However, one of the most difficult, and important, questions these startups must ask themselves is how do they generate revenue with their product? Especially since each knob at their disposal controls not only a different aspect of the revenue stream, but also can impact certain segments of their user base depending on how they consume the project. Note: an open-source project can drift between these options during its lifetime. As a result, when they need to show profitability to either survive or for their shareholders, then they start adjusting the knobs towards a less open and more profit-driven approach.

The knobs they can turn consists of the following:

  • Altering the types of licenses between open-source and commercial versions of the product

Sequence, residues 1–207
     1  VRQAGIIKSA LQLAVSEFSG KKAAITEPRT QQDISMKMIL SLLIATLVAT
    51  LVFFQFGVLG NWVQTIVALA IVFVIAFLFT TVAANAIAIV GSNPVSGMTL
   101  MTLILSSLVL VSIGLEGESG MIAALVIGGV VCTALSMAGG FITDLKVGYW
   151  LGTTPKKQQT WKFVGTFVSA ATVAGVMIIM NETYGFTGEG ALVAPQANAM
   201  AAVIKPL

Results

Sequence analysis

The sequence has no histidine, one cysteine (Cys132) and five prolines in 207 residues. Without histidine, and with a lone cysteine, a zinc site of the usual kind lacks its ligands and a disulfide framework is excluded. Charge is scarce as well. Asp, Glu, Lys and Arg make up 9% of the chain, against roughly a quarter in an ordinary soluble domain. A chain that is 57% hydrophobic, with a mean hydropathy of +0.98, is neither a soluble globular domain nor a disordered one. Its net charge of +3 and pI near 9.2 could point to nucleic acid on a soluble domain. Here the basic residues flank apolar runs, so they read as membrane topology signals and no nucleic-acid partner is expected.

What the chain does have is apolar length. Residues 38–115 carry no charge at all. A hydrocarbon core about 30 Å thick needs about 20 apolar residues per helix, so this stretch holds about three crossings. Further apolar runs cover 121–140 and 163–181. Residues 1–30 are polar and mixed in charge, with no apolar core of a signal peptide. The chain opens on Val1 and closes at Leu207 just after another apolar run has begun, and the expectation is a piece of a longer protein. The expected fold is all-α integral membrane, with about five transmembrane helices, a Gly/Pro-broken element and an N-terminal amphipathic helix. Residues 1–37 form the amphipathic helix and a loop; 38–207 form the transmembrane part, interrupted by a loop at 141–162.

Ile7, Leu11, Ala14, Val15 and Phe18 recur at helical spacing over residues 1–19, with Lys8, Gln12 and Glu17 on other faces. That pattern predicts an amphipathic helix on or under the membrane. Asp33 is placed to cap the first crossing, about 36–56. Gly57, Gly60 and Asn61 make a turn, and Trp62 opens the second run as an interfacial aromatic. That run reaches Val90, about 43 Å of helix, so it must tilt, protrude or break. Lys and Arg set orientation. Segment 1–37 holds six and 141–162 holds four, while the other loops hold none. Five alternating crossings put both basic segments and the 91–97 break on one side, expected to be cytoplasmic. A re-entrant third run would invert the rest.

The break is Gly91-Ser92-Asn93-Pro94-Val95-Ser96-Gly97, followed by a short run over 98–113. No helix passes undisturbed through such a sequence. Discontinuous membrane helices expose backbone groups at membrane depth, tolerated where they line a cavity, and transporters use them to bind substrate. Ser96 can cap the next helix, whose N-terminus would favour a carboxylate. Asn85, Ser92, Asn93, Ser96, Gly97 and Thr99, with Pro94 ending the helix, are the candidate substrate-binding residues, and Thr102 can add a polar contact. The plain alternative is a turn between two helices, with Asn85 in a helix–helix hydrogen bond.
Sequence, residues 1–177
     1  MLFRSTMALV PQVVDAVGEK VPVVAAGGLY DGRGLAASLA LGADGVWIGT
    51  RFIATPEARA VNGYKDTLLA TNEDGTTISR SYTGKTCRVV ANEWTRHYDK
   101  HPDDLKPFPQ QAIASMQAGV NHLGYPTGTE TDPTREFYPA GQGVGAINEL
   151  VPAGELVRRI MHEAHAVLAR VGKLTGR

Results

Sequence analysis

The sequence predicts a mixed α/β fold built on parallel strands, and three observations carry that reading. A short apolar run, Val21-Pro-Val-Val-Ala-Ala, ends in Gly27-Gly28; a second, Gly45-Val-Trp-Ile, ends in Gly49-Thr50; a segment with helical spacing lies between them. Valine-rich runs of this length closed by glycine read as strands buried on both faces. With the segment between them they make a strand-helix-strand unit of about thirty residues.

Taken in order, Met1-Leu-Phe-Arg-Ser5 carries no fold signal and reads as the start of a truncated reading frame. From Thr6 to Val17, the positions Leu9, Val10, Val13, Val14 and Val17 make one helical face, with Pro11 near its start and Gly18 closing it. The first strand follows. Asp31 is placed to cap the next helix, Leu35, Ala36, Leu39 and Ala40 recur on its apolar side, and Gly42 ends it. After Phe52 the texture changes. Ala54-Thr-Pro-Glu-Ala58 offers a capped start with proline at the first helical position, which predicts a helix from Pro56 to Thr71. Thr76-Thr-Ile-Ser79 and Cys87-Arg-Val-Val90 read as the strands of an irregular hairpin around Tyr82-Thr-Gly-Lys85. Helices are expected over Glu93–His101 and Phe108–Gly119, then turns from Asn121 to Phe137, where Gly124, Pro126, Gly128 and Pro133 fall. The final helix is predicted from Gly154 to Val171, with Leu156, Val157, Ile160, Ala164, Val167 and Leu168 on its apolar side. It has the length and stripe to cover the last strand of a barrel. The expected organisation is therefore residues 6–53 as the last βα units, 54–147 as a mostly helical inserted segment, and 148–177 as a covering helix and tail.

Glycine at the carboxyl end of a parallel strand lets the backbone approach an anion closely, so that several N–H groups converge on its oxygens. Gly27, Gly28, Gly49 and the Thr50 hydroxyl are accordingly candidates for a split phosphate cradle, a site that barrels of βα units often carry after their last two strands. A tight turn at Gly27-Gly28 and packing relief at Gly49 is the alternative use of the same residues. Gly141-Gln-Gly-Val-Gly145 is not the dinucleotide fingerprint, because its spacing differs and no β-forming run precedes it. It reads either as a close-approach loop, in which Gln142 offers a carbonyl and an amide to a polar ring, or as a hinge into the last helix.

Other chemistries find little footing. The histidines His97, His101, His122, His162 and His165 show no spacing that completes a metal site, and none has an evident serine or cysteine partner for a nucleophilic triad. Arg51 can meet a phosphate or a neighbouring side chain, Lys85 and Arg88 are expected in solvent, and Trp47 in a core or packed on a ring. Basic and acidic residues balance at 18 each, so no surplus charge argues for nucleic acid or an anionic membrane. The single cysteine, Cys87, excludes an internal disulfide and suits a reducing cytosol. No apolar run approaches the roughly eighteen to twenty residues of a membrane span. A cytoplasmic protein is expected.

• Building out different capabilities between a lite and full offering
  • Expanding professional services and support on a pre-existing or much larger open-source project
  • Limiting what they gift and volunteer to

Depending on how these knobs are turned will dictate the terms of how the software can be used.  The biggest risk to any enterprise, regardless of where the acquisition is in the M&A journey, is the company turning these knobs. So what are they?

Altering License Types

Given the numerous types of open-source licenses, some are more permissive to commercial activity than others.  For example, there is the AGPL (Affero General Public License) which requires the project’s source code (the true intellectual property of any business) to be released if it is hosted on the public internet (think of all web-apps you interact with every day and their crown jewels being published as a result of this license). On the other end of the spectrum is the more permissive licenses that you’d find with the Apache or BSD licenses.  Depending on the stage of the vendor, the type of adoption they are hoping for, and their financial situation, will dictate the type of license they use from the open-source perspective.